Tuesday, August 12, 2014
The Hundred-Foot Journey Review - Adoption Movie Review
Cultures collide when a family of restaurateurs migrates from India to find a new start on the European mainland. Fate seems to decide the family’s new address, as their van breaks down in a small French town. They purchase a large restaurant which is directly across the street from a famous, Michelin-starred restaurant. The family draws together as they face fierce and unfriendly competition from the neighboring restaurant and – more troublingly – anti-immigrant hatred from some of their neighbors. While the family collectively adapts to France, the prodigy of the family, a young chef named Hassan, begins to fall in love with a chef at the restaurant across the street, finds great culinary success, leaves for fame and fortune, and starts to miss home.
How Does This Connect to Adoption?
Adoption is not part of the story. The matriarch of the family died traumatically in India, and the family subsequently left India for other countries. Some viewers will connect with the loss of a parent followed immediately by relocation to a new country. The prejudice that Hassan and his family experience may be familiar to some people who were adopted cross-culturally. Years after her death, a smell reminds Hassan of his mother.
Hassan’s family sticks together in the face of adversity, and meets some challenges with humor. They live and work together; the film provides a positive and touching portrayal of a close-knit, multigenerational family. When faced with family members’ frustrations about their temporary homelessness, Hassan’s father asserts, “Where family is, there is home.”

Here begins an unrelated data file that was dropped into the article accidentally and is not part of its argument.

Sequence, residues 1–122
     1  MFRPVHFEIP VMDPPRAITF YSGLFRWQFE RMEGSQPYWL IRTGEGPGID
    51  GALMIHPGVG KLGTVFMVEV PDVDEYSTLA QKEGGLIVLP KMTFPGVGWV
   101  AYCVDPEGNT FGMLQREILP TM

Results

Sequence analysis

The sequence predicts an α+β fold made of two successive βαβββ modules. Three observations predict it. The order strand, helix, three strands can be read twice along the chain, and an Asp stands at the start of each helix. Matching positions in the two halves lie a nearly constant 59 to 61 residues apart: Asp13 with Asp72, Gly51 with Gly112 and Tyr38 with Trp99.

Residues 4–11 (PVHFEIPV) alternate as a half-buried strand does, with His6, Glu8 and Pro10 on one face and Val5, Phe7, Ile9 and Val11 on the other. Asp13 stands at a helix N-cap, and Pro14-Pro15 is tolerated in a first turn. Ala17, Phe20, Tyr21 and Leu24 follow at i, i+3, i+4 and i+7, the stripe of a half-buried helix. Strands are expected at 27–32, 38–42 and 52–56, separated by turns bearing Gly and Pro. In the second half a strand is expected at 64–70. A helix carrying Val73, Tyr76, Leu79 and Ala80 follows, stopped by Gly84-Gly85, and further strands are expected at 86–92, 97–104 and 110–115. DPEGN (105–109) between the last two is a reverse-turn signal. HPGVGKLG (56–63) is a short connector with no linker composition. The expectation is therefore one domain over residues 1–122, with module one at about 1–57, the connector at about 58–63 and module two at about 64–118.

Even though Hassan’s family meets some neighborhood opposition, other members of the community are welcoming and hospitable. One of Hassan’s competitors stands in the rain to undo the damage caused by some vandals.
The film shows a family in the process of acclimating to a new culture, which could provide for some interesting discussions.
Hassan’s family left India because an angry mob set fire to their restaurant and home; Hassan’s mother was killed in the fire. The scene, and the subsequent sadness, could be triggering for viewers who consider themselves to have lost a mother. The scenes of frenzied mobs could also be particularly difficult for some viewers. A second mob sets a fire which leaves Hassan’s hands temporarily burned and bandaged.
I quite liked The Hundred Foot Journey, and found it to be one of the happier films I’ve seen this year. Except for the scenes I mentioned in the last section, the film is light in tone, whimsical, and often funny. It’s not likely to appeal to young kids because of the length (over 2 ½ hours) and, well, because it’s not a kids’ movie. But adults might quite like it – especially foodies, since the film does center around chefs and restaurants. Adults and teens in multicultural families could find it difficult to see the hatred experienced by Hassan’s family, but could also see the film as valuable for talking about the blending of cultures, the experience of being in an unfamiliar culture, and the different ways that people are treated because of cultural differences. This one is worth seeing.
Questions for Discussion
Have you ever experienced prejudice or hatred based on ethnic, racial, or cultural differences? How did you deal with that?
How can two cultures blend?
What foods remind you the most of your childhood?
Family ActivityIf you’re part of a multicultural family, what dishes most symbolize each culture? Why not build a meal around all of those dishes – or even (if you’re adventurous) try to create one recipe that incorporates elements of each culture! Carnitas-stuffed pierogis? Kimchi burgers? What will you create? Have fun with this! Please share your newly invented recipes on our Facebook page! www.facebook.com/AdoptionAtTheMovies